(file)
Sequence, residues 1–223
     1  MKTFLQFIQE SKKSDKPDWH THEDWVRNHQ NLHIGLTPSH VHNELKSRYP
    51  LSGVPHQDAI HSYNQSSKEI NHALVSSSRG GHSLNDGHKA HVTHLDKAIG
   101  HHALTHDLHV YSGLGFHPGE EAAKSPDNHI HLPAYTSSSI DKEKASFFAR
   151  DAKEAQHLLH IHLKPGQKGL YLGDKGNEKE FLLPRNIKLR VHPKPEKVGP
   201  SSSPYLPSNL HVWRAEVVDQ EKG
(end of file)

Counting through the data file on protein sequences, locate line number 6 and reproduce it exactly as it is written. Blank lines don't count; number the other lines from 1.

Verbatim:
   201  SSSPYLPSNL HVWRAEVVDQ EKG